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Market Street Place's Revised Vision

San Francisco

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Cypress Equities is set to break ground on Market Street Place Sept. 17, with a two-year turnaround. But SRS Real Estate Partners, the exclusive leasing agent, has already been working on the 5th and Market project for two years by eyeing what's happening in Midmarket. Initially the camp was talking to JC Penney and the like, considering the discounted shopping route, SRS' Matt Alexander tells us. But that plan changed because the last six months have been void of signatures from higher-end brands prevalent in LA, NYC and internationally. Now he's attempting to replicate Rodeo Drive inside the Market Street building. (At 250k SF, even the whole Kardashian clan could find something to wear.)

A plethora of higher-end tenants still aren't in S.F., he says; a few fancy options found in Beverly Hills but not here include Lanvin, Harry Winston and Roberto Cavalli. Nothing is signed yet but the team's negotiating five or six LOIs, actively talking with several higher-end apparel users for the first floor. He thinks a food hall concept could work well, as would one or a few restaurants on the top level with a possible patio (similar to Cheesecake Factory's positioning atop Macy's in Union Square). Floor plates are huge (40k SF) so lux furniture purveyors are showing lots of interest. Spaces could be broken out in the 4k to 10k SF range for smaller retailers on the second and third floors.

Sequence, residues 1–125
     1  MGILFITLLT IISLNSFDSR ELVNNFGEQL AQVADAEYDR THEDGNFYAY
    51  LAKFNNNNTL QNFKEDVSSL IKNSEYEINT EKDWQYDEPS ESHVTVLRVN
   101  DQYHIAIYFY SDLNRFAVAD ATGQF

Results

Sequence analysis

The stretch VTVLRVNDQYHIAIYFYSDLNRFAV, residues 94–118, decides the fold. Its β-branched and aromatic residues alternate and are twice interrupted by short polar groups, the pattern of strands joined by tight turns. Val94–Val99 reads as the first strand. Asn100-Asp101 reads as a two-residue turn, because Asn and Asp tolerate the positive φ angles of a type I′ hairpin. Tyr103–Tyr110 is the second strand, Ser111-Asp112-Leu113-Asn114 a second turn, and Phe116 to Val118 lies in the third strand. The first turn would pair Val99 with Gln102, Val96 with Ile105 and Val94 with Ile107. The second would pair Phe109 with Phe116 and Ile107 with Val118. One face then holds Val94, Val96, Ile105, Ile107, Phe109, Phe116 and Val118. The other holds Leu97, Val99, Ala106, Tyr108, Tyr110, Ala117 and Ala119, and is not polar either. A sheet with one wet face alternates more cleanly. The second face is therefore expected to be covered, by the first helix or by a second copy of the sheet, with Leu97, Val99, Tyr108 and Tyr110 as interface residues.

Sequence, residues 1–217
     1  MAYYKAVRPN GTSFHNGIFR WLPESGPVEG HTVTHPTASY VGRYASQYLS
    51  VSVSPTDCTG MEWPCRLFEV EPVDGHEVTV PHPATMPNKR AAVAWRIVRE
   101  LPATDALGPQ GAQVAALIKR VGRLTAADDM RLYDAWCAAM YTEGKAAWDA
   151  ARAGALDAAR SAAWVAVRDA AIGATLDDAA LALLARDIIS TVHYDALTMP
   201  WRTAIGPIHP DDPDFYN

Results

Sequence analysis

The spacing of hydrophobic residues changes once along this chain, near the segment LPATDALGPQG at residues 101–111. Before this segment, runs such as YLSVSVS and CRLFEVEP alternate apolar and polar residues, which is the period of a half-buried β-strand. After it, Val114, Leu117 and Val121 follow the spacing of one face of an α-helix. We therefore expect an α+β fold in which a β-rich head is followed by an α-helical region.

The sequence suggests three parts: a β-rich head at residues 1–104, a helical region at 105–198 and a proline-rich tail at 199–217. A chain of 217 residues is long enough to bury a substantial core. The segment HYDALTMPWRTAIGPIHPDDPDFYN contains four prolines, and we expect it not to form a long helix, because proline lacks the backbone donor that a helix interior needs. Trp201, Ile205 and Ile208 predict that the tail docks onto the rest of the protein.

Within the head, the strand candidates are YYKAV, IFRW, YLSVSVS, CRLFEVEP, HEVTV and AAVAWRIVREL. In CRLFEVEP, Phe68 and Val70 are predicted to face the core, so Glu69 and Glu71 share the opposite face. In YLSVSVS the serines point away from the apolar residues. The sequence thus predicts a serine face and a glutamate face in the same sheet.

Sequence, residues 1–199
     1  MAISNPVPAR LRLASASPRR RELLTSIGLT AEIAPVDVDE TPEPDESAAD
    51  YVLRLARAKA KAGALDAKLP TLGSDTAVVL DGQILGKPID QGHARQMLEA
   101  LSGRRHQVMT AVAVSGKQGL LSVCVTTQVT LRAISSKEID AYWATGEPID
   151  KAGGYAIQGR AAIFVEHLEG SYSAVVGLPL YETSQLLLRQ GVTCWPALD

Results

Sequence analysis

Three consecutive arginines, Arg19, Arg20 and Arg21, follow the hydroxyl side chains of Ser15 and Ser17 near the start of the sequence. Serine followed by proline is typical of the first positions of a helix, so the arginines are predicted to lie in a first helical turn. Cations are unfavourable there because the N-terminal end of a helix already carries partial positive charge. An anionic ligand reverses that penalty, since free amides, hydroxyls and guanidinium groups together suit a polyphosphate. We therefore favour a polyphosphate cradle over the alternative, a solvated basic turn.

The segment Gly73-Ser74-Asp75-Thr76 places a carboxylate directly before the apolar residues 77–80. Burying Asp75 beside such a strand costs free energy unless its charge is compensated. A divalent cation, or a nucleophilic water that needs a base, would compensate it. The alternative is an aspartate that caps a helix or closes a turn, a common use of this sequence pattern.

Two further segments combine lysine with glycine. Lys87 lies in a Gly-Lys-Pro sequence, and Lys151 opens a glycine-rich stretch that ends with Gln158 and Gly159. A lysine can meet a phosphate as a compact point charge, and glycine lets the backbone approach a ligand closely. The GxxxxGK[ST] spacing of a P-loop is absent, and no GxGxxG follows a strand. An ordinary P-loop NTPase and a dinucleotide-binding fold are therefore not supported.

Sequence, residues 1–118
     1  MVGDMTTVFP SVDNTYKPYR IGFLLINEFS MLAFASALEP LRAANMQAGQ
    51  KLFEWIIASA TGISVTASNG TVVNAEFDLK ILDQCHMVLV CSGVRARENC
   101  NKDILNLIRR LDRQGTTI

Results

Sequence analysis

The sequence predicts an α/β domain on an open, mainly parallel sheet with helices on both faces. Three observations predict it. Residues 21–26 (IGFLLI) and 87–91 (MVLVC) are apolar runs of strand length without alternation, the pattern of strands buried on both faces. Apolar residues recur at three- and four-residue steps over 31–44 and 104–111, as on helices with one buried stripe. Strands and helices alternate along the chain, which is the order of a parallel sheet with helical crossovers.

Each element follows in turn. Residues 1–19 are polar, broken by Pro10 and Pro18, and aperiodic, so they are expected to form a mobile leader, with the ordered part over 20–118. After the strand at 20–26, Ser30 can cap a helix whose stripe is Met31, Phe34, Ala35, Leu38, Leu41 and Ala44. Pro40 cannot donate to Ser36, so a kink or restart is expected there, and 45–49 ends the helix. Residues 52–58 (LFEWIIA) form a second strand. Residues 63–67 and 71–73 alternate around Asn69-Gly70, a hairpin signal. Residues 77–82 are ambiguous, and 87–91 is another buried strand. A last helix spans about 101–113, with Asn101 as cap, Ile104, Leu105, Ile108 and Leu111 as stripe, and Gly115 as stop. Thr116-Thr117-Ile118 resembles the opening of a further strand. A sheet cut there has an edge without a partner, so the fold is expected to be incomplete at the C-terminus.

He says the model is analogous to GGP's Tysons Galleria in Northern Virginia (above), which attracts the upper echelon of clothiers and jewelers with food options on top. Despite some pricey brands already committed to Union Square (Dior, Valentino), Market Street Place can fill in missing haute couture holes. By clumping them together, they become more successful than as stand alone locales. He thinks the mall will play well off of Westfields' adjacent Bloomingdale's and Nordstrom, as well as the proximity to where the cable cars circle around. One potential tenant told him Midmarket shares Chelsea's story; that area was not the most desirable place to be at first but now it's home to some of the hottest designers on the planet.